Then your kid doesn't need your help in the bathroom anymore and they sleep through the night or can manage their own bad dreams without you, and, well, yeah, you definitely get "soft."  Until they come out and then you are thrust back into the stage of more active parenting again.  I didn't resent it at all, I was just not conditioned for it anymore.  I had to recondition myself but this time I was much older and it was harder getting back in the saddle.  All those physical pains were a result of my emotional stress. I felt like we had major catching up to do.

In addition to being a paramedic/firefighter, I'm an educator.  I think it's in the genes, or I just like to hear myself talk, especially when the people I'm talking to aren't allowed to shut me up.  I felt an overwhelming urge to "teach" my new daughter all that she had missed out on while being raised as a boy.  Let's face it, being a woman in this man's world isn't for the feint of heart and I had to help DJ be ready to face the world as a second class citizen.  There's a trick to it, but geez, it took me decades to figure it out and now I had to offer DJ a crash course.

And DJ needed her parents in a way that most 15 year olds don't.  We were honored and glad and wanted to be there for her, but I'd gotten "soft" in that area too.  I would have welcomed cuddling from any of my kids, it's just that once they got to about age 10, none of them were that interested.  Now, suddenly, DJ was very interested.  I think she needed it.  I'd forgotten what it was like to have your physical presence and touch be needed so much.  I'd forgotten how the act of giving can really be physically hard.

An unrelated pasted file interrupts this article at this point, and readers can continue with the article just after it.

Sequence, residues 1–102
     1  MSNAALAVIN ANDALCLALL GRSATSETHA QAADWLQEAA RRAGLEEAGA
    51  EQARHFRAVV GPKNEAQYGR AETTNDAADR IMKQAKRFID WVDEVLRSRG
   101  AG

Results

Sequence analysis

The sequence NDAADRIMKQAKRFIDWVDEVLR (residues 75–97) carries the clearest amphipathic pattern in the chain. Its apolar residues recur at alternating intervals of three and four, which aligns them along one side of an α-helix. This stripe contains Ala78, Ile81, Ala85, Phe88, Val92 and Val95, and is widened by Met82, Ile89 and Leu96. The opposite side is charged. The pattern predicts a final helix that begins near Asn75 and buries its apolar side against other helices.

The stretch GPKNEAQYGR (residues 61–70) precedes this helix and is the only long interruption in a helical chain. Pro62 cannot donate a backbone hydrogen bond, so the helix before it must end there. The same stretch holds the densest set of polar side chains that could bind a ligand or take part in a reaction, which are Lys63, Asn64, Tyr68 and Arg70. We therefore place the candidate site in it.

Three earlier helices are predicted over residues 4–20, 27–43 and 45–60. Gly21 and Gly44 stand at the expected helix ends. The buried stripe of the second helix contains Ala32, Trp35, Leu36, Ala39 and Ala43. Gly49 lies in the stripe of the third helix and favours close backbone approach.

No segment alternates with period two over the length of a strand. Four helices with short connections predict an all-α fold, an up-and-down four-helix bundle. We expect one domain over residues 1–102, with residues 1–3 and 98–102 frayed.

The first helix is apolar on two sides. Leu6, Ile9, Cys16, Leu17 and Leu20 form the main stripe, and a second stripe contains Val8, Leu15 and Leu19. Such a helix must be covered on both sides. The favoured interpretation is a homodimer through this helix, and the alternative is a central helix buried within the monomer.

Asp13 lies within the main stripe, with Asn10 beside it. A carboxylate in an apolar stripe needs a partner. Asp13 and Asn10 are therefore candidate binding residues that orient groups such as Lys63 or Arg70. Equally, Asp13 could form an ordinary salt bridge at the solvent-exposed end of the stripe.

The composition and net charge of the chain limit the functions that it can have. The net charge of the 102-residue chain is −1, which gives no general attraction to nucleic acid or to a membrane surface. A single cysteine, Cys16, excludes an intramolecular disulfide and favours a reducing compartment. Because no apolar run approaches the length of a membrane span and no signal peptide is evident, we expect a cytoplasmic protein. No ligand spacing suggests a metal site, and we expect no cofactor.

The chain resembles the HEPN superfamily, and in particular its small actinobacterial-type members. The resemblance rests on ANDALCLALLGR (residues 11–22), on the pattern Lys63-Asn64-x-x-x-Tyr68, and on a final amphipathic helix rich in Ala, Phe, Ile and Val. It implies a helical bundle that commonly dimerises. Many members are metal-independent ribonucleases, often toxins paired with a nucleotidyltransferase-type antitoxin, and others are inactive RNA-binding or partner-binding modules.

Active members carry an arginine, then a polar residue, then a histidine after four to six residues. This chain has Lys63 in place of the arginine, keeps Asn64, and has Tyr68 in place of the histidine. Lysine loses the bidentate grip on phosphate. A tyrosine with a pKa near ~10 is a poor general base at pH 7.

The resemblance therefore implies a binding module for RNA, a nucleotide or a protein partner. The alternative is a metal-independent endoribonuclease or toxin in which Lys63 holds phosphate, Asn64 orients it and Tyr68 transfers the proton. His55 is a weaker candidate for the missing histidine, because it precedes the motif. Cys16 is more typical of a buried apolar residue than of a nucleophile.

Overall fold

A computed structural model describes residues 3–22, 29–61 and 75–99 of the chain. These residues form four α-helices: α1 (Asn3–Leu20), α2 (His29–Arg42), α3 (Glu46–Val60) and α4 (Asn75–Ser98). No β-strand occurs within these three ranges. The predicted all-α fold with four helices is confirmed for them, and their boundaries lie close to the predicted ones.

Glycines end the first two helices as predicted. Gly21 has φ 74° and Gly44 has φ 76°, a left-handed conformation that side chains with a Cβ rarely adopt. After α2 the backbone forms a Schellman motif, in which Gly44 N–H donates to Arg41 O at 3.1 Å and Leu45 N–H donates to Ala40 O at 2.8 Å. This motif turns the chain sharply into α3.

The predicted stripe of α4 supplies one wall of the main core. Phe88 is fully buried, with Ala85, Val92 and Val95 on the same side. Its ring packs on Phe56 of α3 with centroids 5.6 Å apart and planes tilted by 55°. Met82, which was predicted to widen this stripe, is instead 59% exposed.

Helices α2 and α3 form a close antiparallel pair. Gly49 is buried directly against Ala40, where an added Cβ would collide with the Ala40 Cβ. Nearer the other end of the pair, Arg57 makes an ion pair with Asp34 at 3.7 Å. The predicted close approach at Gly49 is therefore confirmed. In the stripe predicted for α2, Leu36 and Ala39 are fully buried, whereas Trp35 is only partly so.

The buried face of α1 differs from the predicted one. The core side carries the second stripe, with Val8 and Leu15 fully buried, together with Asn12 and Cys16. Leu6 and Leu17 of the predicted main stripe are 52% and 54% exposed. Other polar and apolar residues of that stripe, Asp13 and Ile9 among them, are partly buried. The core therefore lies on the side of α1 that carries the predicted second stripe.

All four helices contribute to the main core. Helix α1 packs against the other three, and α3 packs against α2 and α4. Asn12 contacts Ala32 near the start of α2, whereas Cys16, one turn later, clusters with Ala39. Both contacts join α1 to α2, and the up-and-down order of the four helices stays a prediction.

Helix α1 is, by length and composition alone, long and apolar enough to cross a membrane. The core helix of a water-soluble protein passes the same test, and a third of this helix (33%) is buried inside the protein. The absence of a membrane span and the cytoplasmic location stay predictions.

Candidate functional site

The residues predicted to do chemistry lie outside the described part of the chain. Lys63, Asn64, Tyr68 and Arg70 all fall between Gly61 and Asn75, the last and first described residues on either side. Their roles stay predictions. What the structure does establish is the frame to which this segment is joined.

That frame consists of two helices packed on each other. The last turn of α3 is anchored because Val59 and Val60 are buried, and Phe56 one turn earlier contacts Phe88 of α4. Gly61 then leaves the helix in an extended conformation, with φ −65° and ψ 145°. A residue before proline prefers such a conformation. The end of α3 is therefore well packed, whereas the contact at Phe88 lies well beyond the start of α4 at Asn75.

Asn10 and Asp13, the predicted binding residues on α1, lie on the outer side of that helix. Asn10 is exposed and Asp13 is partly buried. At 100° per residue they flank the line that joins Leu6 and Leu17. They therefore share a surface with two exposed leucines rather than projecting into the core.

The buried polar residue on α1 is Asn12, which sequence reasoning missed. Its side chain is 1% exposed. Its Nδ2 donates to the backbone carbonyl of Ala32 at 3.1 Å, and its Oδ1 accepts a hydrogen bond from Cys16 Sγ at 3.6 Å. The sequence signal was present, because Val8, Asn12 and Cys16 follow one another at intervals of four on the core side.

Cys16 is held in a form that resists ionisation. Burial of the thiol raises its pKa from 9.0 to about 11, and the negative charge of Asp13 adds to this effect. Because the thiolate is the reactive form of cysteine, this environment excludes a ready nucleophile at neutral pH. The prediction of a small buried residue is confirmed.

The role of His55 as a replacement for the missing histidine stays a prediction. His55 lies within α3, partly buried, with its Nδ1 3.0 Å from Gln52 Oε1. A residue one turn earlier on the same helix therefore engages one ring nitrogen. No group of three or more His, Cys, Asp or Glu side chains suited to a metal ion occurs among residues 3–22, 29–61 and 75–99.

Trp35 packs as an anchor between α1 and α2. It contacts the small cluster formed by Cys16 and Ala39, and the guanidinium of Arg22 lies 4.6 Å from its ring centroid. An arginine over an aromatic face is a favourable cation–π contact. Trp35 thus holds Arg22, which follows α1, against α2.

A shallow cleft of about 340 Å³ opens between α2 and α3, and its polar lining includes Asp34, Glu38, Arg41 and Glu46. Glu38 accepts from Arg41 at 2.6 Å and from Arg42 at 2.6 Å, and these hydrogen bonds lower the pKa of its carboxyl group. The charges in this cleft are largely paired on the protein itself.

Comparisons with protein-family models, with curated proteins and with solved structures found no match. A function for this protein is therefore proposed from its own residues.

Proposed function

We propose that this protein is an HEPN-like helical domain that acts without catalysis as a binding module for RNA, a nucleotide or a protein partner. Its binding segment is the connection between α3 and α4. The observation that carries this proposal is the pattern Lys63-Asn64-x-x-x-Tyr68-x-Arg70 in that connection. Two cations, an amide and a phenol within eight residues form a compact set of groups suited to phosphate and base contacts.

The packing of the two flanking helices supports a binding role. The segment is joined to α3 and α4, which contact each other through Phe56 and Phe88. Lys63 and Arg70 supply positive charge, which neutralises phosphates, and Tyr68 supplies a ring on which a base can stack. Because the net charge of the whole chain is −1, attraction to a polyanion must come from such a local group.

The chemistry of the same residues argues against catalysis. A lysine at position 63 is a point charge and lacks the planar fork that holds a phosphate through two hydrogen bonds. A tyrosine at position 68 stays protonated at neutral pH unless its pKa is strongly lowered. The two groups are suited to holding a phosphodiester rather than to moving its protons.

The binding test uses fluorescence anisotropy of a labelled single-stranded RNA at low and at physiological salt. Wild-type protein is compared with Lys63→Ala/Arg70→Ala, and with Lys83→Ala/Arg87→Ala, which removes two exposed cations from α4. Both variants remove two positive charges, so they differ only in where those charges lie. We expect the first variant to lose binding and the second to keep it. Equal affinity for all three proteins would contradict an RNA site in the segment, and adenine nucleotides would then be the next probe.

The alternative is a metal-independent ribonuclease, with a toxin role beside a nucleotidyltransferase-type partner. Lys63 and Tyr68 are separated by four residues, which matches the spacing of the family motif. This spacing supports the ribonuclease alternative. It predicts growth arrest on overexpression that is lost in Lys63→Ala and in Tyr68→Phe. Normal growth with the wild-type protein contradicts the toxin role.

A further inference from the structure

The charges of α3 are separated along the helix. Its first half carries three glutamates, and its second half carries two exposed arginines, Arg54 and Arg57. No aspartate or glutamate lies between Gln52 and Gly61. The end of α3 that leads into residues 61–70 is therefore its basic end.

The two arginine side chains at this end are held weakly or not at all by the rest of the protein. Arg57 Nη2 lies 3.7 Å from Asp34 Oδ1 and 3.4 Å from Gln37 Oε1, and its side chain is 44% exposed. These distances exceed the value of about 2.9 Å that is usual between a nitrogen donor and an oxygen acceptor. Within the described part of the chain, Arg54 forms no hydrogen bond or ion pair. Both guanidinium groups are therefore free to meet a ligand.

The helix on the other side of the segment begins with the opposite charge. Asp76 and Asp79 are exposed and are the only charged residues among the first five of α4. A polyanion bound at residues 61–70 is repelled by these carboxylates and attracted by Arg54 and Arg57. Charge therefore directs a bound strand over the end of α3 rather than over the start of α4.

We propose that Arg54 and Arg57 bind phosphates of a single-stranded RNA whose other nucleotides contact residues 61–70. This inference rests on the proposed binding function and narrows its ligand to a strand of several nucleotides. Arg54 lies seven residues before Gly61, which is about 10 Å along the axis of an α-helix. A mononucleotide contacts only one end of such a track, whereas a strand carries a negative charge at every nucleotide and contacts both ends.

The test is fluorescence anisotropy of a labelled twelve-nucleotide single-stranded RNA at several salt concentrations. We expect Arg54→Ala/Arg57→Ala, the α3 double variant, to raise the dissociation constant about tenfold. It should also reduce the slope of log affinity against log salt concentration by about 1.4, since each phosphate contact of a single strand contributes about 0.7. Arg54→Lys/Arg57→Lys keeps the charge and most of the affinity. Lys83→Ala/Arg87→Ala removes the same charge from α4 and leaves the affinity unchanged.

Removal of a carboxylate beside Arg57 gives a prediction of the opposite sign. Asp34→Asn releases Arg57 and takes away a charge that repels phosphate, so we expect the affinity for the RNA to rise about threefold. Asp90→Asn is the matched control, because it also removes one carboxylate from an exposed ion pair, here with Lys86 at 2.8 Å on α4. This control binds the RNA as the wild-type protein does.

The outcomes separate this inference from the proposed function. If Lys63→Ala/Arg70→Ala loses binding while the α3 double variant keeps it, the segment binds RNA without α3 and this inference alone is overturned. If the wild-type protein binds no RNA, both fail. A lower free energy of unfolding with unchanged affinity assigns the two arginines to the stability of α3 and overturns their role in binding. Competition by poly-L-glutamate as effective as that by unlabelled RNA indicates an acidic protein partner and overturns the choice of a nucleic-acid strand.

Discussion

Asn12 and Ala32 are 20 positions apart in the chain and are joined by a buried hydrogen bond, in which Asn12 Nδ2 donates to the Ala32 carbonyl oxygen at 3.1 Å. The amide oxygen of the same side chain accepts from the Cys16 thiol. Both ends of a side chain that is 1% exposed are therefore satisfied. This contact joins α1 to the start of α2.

I regret or begrudge none of it.  I'm just stating a fact that it was just plain hard.  And the "hardness" of it manifested in how I felt physically, which is to say I felt like $---.  I was exhausted.  And to be honest, I'm not even sure how Bulldog felt because I was so consumed with how DJ was feeling, and how I was feeling related to how she was feeling, that checking in with how Bulldog was feeling was more than I could manage on many days.  I just didn't have enough inner resources to check his emotional pulse many days.  That's the truth of the matter-we all were stretched pretty thin.

So, if you're feeling stretched pretty thin yourself, hang in there.  It's part of the process and you will come out whole on the other side, believe it or not.  We're irreverent as hell in this house, which helped me tremendously.  If you can laugh at yourself and each other, it will help dispel some of those dark, tiring days where the worry just grinds you down.  I mean, when you and your daughter are getting caught up in the angst about how to fill out a bathing suit top properly without giving away your secrets, you have to laugh at imagining one of your "tools" popping out if you get knocked over by a wave at the beach.  What else can you do?    The situation that your child was born into and has now been thrust upon you is not going to go away.  And really, the absurdity and unfairness are so grotesque, it's almost comical because it's the stuff of ridiculous books of fiction that you can pick up at the used book store for a quarter because no one finds the story even remotely believable; except it is believable because it's your life.  And more importantly, it's her life.  So pick yourself up, dust yourself off and poke fun at yourself and the situation.  It's serious enough as it is without you making it more so.  Try to see the funny.  Some days it may be your only saving grace.